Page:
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Kasparov, Garry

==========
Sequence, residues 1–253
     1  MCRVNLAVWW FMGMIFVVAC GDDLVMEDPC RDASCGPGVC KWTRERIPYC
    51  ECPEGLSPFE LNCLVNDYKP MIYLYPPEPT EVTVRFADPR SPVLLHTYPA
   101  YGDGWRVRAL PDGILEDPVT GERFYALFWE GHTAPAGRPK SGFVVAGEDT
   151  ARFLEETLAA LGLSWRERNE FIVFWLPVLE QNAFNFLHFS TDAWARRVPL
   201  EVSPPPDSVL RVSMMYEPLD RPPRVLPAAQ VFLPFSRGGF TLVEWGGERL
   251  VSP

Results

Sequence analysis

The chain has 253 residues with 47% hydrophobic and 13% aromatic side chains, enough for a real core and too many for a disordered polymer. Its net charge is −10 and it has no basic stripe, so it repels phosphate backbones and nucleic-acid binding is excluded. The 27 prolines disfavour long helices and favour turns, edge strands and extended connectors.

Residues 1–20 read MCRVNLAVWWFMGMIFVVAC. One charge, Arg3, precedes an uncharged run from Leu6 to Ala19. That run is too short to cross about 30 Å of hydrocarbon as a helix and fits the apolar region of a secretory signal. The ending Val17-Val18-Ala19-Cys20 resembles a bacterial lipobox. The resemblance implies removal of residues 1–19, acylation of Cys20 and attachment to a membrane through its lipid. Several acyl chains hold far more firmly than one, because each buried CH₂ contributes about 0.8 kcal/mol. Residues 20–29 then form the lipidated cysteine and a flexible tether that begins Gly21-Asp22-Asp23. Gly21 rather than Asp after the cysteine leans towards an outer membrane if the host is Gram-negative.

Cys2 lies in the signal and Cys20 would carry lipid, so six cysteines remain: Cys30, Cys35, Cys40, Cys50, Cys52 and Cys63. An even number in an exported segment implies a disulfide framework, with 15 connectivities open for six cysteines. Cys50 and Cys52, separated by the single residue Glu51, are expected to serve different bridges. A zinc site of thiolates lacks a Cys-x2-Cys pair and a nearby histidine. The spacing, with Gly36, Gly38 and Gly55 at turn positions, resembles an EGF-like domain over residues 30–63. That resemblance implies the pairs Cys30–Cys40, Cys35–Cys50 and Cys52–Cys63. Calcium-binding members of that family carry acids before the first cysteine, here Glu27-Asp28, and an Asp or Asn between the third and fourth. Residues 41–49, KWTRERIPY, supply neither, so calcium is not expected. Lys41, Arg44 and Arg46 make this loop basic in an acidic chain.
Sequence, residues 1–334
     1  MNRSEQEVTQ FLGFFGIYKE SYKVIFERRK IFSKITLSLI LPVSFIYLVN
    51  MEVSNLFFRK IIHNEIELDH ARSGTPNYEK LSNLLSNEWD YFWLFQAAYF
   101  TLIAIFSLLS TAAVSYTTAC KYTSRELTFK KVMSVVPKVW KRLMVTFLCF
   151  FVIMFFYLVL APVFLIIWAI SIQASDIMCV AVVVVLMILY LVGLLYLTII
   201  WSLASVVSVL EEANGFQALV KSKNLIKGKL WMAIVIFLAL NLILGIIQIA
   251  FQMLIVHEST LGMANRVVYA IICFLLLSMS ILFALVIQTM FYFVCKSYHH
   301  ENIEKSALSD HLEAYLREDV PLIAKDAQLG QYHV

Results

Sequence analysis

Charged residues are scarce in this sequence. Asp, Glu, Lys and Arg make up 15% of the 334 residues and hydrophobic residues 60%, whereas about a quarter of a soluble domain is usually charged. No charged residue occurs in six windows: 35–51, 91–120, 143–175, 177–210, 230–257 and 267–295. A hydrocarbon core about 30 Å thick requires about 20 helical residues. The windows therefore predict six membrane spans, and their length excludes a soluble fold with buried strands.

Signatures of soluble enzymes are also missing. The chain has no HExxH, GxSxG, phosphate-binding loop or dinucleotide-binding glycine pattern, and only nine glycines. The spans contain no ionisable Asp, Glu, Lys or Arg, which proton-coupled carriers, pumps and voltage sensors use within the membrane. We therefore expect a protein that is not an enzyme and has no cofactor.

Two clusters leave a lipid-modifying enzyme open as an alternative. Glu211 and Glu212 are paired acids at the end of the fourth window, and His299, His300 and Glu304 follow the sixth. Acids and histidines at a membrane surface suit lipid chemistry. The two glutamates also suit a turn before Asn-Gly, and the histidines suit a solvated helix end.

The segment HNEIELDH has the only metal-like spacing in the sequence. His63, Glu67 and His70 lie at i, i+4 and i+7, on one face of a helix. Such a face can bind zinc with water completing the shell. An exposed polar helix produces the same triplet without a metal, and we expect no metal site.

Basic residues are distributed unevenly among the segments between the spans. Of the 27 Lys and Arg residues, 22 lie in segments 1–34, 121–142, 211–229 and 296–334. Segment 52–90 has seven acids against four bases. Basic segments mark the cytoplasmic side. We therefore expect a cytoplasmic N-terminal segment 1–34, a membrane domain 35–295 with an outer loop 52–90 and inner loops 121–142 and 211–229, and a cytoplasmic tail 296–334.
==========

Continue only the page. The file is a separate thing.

Garry Kasparov, originally named Weinstein, was born on April 13, 1963. He is unainamously regarded as the greatest chess player of all time. In 1976, he was the strongest player in the world under age 13.  He became a grandmaster at 17, the youngest Soviet champion at 18 and the youngest world champion  at 22 years, 210 days.  In his first international tournament, Baku 1979, he exceeded the Grandmaster norm and took first place as an unrated player. His first FIDE rating was 2500.  He became the World Junior Champion in 1980 and co-champion of the USSR in 1981. In 1987 he wrote his autobiography, Child of Change.  In 1993 he founded the Professional Chess Association (PCA), which he said later was his biggest mistake.  He was the first Soviet to do a Western commercial.  In May, 1997 he lost a match with the chess computer. DEEP BLUE.  In 1993 he broke away from FIDE and defeated Nigel Short for the PCA World Championship.  In 2000 he lost his title to Vladimir Kramnik in the Braingames World Chess Championship, but continues to be the highest rated chess player in the world.  His FIDE rating has been as high as 2849.  He has been the world’s #1 rated player since 1984.  In 1989 he was the first person to top 2800.  From 1981 to 1991 he did not lose a single chess event.  He successfully defended his world chess championship title more times than any champion.  His Pepsi ad, shown in the 2002 Superbowl, was nominated for an Oscar.  From 1981 to 1990, Kasparov won 15 straight tournaments in a row.  After winning Linares (but losing his last game to Topalov) in 2005, he announced his retirement from chess on March 10, 2005.  His last FIDE rating was 2812.  He is currently involved in Russian politics.

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